This should probably say “shows you should have already watched,” since Greek ran on Freeform (then known as ABC Family) from 2007-2011. As I happily discovered several weeks ago, all episodes are available for FREE on freeform.com!
Greek is perhaps the greatest unsung classic of the late 00’s. Set at the fictional Cyprus-Rhodes University, Greek follows the trials and tribulations of several students in the collegiate Greek system as they navigate the many pitfalls of college life. While easy to pass off as another teen drama, those who have actually watched it all the way through know that it is far, far more.
It’s actually very socially progressive- and never got any credit.
While many more recent shows have been touted for either emulating or failing social justice standards in their casting and content, Greek took on issues of diversity, sexism, and homophobia- and handled them better than any television series I have ever seen. The first episode aired almost a decade ago, making their open-mindedness even more shocking- yet even the most vocal social justice blogger seems unaware.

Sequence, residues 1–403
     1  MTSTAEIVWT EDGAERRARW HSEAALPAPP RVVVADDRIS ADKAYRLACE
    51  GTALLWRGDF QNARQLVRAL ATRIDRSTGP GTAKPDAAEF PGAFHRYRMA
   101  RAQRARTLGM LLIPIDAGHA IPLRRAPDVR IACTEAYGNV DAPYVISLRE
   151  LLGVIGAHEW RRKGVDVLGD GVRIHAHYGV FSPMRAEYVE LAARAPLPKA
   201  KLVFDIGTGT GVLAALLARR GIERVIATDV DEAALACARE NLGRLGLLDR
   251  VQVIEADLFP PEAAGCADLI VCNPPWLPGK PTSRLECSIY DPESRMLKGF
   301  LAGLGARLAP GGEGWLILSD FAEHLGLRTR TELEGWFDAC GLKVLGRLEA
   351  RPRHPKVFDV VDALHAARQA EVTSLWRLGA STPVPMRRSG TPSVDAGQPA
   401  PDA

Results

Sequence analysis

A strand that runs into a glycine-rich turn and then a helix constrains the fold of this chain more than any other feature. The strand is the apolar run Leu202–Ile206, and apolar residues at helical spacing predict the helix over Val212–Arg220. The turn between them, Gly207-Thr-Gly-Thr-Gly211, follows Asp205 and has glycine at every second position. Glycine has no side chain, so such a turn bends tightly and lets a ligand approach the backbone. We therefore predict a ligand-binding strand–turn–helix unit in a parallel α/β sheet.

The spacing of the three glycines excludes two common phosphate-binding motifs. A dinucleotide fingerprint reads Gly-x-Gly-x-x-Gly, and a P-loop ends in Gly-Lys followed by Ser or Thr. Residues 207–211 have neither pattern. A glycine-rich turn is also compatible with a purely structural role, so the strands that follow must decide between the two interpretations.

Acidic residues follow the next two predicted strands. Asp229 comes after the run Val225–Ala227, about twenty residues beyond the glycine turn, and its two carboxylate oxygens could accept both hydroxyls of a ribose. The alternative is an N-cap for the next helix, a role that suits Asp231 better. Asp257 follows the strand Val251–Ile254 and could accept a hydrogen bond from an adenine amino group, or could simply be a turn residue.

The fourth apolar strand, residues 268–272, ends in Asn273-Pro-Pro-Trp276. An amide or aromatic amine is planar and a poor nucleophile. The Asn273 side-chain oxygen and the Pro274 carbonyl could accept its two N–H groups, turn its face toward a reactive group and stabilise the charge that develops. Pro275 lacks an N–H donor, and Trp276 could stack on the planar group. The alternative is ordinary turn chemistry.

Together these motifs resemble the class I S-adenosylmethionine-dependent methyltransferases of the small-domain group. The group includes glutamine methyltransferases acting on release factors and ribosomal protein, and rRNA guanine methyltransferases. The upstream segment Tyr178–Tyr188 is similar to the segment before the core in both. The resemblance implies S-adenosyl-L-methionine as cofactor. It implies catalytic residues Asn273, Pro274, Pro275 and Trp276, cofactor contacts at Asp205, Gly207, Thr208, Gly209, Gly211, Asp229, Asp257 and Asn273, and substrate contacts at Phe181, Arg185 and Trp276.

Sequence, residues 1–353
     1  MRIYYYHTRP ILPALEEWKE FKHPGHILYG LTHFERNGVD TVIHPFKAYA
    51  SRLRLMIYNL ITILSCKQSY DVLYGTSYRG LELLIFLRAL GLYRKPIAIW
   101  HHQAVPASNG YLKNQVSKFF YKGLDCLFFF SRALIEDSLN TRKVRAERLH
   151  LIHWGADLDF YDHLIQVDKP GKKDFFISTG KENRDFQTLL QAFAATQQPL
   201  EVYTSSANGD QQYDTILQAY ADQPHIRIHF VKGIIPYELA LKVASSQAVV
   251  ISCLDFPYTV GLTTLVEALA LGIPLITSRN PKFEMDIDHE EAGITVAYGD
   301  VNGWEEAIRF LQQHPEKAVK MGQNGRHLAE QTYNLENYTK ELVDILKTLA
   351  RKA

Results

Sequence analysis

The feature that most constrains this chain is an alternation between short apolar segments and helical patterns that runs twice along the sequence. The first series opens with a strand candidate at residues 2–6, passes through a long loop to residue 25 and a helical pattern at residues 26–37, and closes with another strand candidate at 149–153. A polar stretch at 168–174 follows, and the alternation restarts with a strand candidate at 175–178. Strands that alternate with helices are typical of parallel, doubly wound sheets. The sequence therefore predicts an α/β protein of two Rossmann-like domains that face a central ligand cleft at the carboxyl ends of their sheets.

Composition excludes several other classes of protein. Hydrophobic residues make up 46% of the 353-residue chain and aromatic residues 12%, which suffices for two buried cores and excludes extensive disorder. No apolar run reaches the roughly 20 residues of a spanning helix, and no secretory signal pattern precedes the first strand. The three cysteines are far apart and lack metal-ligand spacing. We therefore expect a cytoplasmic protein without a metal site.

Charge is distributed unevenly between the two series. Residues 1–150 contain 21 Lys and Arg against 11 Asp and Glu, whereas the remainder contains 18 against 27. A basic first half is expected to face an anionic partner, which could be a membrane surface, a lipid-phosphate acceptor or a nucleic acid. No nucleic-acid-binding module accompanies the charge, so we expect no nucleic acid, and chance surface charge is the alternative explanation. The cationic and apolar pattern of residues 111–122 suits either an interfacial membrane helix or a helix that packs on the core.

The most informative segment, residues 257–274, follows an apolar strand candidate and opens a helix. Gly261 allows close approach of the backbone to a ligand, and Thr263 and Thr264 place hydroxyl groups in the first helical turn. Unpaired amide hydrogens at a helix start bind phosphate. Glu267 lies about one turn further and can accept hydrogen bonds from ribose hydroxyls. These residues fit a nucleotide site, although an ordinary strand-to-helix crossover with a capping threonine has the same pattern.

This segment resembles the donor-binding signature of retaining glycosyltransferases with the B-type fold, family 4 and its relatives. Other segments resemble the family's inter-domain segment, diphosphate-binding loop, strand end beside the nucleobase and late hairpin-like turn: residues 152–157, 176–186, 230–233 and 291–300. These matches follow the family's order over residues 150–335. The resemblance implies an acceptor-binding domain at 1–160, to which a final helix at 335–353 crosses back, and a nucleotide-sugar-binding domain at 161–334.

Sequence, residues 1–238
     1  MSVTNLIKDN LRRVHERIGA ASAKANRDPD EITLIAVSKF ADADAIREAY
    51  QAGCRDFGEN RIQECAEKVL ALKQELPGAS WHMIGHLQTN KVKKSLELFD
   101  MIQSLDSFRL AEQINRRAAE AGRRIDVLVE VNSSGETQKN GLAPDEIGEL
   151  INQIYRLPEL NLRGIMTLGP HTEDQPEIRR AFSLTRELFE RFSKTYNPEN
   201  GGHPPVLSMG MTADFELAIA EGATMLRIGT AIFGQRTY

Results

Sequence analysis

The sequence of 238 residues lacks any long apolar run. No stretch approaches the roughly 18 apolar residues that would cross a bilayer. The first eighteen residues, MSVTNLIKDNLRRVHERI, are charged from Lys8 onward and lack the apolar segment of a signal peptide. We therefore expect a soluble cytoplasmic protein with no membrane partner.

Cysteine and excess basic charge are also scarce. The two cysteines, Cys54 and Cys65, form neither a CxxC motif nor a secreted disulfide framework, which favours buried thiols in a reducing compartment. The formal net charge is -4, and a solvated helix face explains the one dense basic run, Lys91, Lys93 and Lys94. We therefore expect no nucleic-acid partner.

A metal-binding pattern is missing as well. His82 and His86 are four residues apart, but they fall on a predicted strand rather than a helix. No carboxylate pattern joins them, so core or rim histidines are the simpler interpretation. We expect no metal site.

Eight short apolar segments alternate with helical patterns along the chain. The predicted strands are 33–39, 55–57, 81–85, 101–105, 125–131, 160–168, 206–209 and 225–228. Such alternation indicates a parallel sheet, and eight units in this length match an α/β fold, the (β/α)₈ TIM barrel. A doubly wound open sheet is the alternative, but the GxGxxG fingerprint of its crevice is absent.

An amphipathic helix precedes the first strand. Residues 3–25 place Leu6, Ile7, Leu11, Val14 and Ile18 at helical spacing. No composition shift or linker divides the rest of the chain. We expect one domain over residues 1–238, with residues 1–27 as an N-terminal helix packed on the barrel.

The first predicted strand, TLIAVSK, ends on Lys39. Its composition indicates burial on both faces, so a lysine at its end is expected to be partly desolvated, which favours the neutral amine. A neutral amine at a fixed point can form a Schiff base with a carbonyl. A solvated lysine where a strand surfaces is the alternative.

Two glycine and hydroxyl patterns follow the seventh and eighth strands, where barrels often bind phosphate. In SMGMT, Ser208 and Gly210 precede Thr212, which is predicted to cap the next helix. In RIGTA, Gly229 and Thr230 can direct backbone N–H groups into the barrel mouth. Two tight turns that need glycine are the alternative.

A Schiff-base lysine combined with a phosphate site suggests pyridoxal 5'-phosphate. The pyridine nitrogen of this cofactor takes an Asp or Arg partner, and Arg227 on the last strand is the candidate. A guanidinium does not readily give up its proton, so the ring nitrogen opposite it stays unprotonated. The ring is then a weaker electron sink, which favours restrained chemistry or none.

They had multiple PoC in their main cast, none of whom were ever remotely stereotyped. One of the main characters, Calvin Owens, was also gay, but unlike the common trope, he was never defined by his sexuality. In the first season alone, Calvin openly said “being gay isn’t the most interesting thing about me,” and “why does everything have about being gay, when you’re gay?” He did experience instances of homophobia from others, but never any drawn-out sob story clearly thrown in for dramatic effect (*cough* Glee *cough*). However, he still got just as many romantic storylines as his straight counterparts.
The show also focused on other social issues, such as slut-shaming and double standards.
It acknowledges that college is hard, but leaving is harder.
In the third season, four members of the main cast are faced with the biggest terror of all: graduation. They don’t all walk out and land their dream jobs, or even all graduate on time. Since the show ran from 2007-2011, the economic recession was at its worst, and the show didn’t shy away from that fact. They struggled and fought and many veered from their initial plans. It’s an ugly truth most people don’t like to talk about.
It features the absolute goddess that is Dilshad Vadsaria.
Moments like this.
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